We've seen how workers can lose a lifetime of savings overnight, locked into
pension plans without adequate choices and information.
Workers should be able to sell company stock and diversify into other investments
after three years in their own company's plan. They should receive updates on
their retirement accounts, not once a year, but every three months. They should
have access to sound investment advice. I have proposed pension protection reforms;
the House has passed them. I hope the Senate takes them up soon.
We must also work together to promote more growth in the economy and jobs for
the American people. The fundamentals of our economy are sound. After all, sales
of automobiles and new houses are on the rise. New unemployment claims have
been falling since April. Inflation is low, productivity is increasing, and
growth continues. Those are signs of strength in our economy, and with the right
policies we can build on it.
We must continue to work to control federal spending, and make the tax cuts
permanent, so Americans can save and plan for their own future. We must tear
down trade barriers, so people everywhere can buy American. We must make terrorism
insurance available to spur more construction.
And on energy, we must encourage conservation through new technology and produce
more energy at home, to give our economy safe and steady sources of power, and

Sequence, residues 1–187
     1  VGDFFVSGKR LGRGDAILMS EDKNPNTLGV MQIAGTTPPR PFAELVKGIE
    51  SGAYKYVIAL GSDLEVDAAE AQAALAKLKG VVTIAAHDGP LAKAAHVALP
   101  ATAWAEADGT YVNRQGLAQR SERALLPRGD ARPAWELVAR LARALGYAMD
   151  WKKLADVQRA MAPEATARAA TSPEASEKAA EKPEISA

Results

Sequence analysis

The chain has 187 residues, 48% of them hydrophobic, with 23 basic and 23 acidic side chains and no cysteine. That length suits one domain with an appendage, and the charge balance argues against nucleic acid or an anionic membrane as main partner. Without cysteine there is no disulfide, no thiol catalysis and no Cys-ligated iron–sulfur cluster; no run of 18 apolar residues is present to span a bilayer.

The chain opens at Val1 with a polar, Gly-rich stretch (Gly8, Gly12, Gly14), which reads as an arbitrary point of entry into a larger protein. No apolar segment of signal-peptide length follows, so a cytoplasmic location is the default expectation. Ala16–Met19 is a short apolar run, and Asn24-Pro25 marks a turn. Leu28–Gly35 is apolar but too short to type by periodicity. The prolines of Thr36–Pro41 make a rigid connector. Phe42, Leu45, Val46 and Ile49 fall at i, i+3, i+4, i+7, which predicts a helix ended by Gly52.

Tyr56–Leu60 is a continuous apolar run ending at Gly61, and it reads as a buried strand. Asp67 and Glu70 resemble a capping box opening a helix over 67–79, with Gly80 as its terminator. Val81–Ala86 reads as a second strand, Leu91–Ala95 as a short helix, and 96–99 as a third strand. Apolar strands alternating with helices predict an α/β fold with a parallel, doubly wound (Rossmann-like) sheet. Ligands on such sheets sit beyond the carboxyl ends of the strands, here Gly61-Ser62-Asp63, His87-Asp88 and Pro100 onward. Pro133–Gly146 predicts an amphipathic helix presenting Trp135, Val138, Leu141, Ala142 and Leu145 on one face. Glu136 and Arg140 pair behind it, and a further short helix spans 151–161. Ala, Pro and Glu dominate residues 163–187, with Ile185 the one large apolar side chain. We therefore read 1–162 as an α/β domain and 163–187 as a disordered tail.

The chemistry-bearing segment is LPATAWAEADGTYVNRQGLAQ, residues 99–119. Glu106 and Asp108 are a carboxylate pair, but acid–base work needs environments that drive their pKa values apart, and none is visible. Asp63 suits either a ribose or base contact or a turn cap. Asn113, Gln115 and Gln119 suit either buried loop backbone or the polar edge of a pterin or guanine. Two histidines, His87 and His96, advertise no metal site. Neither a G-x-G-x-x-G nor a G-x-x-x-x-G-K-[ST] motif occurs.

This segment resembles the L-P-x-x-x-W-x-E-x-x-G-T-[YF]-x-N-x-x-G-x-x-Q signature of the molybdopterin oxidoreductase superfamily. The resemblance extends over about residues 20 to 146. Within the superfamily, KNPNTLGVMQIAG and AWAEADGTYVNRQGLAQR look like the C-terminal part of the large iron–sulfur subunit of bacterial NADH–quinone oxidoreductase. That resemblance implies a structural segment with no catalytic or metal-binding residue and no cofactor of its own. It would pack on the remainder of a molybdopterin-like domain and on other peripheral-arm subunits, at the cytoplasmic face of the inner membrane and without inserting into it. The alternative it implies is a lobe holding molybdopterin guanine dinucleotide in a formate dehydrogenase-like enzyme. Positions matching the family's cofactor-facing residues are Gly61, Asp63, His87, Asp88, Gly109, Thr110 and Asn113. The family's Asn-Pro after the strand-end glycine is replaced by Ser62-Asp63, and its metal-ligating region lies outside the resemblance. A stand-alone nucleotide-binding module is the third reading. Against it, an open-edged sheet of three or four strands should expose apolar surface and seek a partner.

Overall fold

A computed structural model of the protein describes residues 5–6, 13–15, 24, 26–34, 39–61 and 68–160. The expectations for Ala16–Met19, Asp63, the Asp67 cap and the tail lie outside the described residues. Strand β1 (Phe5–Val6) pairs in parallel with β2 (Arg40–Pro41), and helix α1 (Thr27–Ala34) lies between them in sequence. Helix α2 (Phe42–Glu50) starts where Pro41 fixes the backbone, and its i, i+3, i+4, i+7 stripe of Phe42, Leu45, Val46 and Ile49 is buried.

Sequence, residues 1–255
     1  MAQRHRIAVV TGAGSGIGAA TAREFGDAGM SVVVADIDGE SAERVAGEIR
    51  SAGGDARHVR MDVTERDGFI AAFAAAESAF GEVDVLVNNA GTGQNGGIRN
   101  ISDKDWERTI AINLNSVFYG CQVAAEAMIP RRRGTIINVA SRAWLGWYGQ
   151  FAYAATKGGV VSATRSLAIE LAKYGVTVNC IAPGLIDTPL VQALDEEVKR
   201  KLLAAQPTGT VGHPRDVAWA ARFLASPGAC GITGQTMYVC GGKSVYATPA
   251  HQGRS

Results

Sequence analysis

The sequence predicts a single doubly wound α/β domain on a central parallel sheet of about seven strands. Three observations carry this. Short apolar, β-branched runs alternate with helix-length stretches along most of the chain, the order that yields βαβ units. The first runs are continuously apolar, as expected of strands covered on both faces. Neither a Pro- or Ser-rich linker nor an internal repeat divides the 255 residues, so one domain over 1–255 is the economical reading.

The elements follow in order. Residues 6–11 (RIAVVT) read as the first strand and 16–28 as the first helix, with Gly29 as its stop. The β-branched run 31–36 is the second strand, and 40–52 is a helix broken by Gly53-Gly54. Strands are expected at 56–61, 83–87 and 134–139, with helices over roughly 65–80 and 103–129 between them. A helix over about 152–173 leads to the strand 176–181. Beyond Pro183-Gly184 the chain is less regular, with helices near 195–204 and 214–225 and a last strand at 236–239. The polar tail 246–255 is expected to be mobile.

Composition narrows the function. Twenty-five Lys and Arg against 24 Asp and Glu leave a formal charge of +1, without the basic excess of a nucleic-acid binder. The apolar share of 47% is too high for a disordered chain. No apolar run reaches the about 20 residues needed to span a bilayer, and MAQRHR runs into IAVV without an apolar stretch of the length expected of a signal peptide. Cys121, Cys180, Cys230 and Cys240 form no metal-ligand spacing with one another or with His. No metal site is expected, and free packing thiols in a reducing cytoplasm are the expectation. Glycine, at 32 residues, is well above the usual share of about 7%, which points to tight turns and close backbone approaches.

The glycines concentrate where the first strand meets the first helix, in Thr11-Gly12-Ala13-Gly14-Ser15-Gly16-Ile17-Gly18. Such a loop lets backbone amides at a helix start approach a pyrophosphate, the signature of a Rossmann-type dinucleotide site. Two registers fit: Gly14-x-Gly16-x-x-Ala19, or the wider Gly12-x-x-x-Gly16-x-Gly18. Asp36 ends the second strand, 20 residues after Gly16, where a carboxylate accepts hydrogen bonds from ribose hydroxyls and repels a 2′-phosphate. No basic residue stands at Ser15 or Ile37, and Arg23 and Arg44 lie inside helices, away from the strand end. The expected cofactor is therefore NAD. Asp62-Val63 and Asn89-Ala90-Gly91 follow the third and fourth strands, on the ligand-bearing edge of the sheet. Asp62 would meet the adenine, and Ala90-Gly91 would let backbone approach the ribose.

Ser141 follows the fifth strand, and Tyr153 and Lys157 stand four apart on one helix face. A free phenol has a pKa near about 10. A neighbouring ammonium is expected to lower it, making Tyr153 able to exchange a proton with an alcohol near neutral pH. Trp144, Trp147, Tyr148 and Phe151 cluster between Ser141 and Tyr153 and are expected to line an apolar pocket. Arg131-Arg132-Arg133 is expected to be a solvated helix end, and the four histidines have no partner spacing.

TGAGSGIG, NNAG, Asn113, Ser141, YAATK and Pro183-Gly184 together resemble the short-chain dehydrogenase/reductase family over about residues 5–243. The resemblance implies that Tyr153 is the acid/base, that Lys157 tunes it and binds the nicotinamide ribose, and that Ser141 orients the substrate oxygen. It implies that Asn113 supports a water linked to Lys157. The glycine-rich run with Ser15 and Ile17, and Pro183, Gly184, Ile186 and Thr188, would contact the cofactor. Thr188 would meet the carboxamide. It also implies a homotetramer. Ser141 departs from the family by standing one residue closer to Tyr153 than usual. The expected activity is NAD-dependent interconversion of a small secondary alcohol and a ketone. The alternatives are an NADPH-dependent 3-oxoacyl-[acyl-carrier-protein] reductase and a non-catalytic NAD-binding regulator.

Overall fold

make our country less reliant upon foreign sources of power.
The attacks against our economy in the last year have caused deep hardship,
and highlighted the economy's fundamental strength. The American economy is
more diverse and more innovative than ever before. And its greatest strength,
the people who make it work, are better trained and more productive and more
highly skilled than ever before.
Whenever we face challenges, from the fear that threatened our economy after
September the 11th to the fraud that threatens investor confidence today, we've
tackled them head on. The American economy depends on fairness and honesty.
The vast majority of businesses uphold those values. With this law, we have
new tools to enforce those values, and we will use those tools aggressively
to defend our free enterprise system against corruption and crime.
It is now my honor to sign the Sarbanes-Oxley Act of 2002. (Applause.)